09 July 2005

Progress Continues at Flank Speed in Iraq

Every day, the MSM enjoys reporting casualty reports, terrorist uprisings and jihad progress with McNamara-like fever. However, the good work remains unreported. I realize that this is not a new topic for the blogosphere, but it is certainly one worth reporting.

On a fairly regular basis, CENTCOM publishes news releases and other posts of interest that can be picked up by all members of the MSM. As you can see, the articles are pithy and without much fanfare. The post I have included portions of below would take no more than 30 seconds on a typical evening news broadcast or a few column inches in one of the pine box presses. Yet, it remains unreported.
BAGHDAD, Iraq -- Daily accomplishments, both large and small --– in governance, security and reconstruction -- – marked progress toward Iraqi self-reliance as the country marked a year of sovereignty June 28. What follows is a partial list of these successes.

On June 1, in the first move of its kind, Coalition forces officially transferred full responsibility for security at a base in Dibbis to the Iraqi Army. Two hundred dignitaries and civilians attended the flag-raising and ribbon-cutting ceremony, where the Iraqi Army took full control of base and security operations in the area. This historic move marked another significant step in the Iraqi government's plan to assume full responsibility for security and stability operations across the nation.
Full control in only one year. This is truly a testament to the will and resolve of the Iraqi people.
That same day, Iraqi Army soldiers, working with Coalition aviation assets, conducted their first-ever air assault. Approximately 35 Soldiers from 3rd Battalion, 3rd Brigade, 6th Iraqi Army Division were inserted into a landing zone near several small towns and villages outside of Baghdad to conduct raids and door-to-door searches for bomb- and vehicle-borne improvised explosive device-making materials and specific persons of interest. The ability to perform these types of operations speaks to the growing maturity of the Iraqi Army.
Now remember, these Iraqi soldiers risked their lives simply by joining the securityiry forces -- let alone conducting door-to-door searches.
Reconstruction gained momentum in the Nissan District of Eastern Baghdad, where major sewer and water projects broke ground in Kamaliya and Oubaidi. After completing a site survey, workers began on the project that will ultimately create a sewer network serving 8,870 homes in Kamaliya. The area has never had underground sewage lines and relies on slit trenches, which leads to sewage pooling in the streets. The project will cost about $27 million and will employ 600 local workers at peak construction times. As the sewer project takes shape, an existing water distribution system will be rehabilitated. About 5,435 homes are slated to receive connections to the water main.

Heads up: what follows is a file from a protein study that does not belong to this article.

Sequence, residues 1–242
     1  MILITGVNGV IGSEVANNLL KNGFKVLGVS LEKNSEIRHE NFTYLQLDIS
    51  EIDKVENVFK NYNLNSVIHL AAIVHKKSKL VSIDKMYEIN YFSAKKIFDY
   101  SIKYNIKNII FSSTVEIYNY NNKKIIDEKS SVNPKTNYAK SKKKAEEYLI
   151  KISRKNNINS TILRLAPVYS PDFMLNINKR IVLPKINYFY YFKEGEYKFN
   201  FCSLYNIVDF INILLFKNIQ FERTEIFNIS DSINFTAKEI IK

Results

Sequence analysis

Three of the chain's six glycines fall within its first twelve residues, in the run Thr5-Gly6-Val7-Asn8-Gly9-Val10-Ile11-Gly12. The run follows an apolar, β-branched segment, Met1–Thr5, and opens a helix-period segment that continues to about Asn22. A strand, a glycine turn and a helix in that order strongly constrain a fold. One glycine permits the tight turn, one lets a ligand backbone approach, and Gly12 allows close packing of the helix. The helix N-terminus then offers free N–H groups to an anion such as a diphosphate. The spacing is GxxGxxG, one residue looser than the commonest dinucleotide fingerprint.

Thanks to the Coalition efforts, 8,870 homes are connected to a sewer network. These were homes thpreviouslysly relied on a trench system to dispose of sewage. How many of us still rely on septic systems?
On June 4, Basrah airport began civilian flights, opening the gate for business growth in the region. A week later, regular flights began between Hawler International Airport in Irbil and Baghdad. The flights now run three times per week and open a new avenue to encourage foreign capital investment by improving accessibility to Iraq’s capital. Other growth could be seen when the $100 million Al-Ameen electrical substation, which distributes electricity to other substations around Baghdad, it was completed on June 5, after about 10 months of work. Local workers made up 99 percent of the workforce, putting money back into the pockets of the working class.
Local work benefiting a new, local economy. This is truly a beautiful thing.
The Iraqi Navy'’s Predator Patrol Boats commenced interoperability training with an amphibious transport ship on June 7. The training is teaching the Iraqi Navy about ship handling, force protection, and weapons handling.

With some help from Iraqi Security Forces, the Iraqi National Soccer League resumed play on June 12. More than 10,000 fans showed up for the first game, held in the Baghdad Soccer Stadium, and watched Basra beat Dahouk 1-0. Iraqi Police officers, Iraqi Army Soldiers and Coalition Forces guarded the soccer stadium, which can hold 45,000 fans. The same team of security forces will provide security for future games, which are scheduled through the end of August.
Need I remind my readers what happened to Iraqi athletes in the past if they lost a game or match?

There is so much more to report. As you can clearly see, any of these topics would have done wonders for the morale of all those fighting for freedom in the middle east. But, I guess that won't sell a box of cereal in the MSM.

Open Post Thanks to The Mudville Gazaette.

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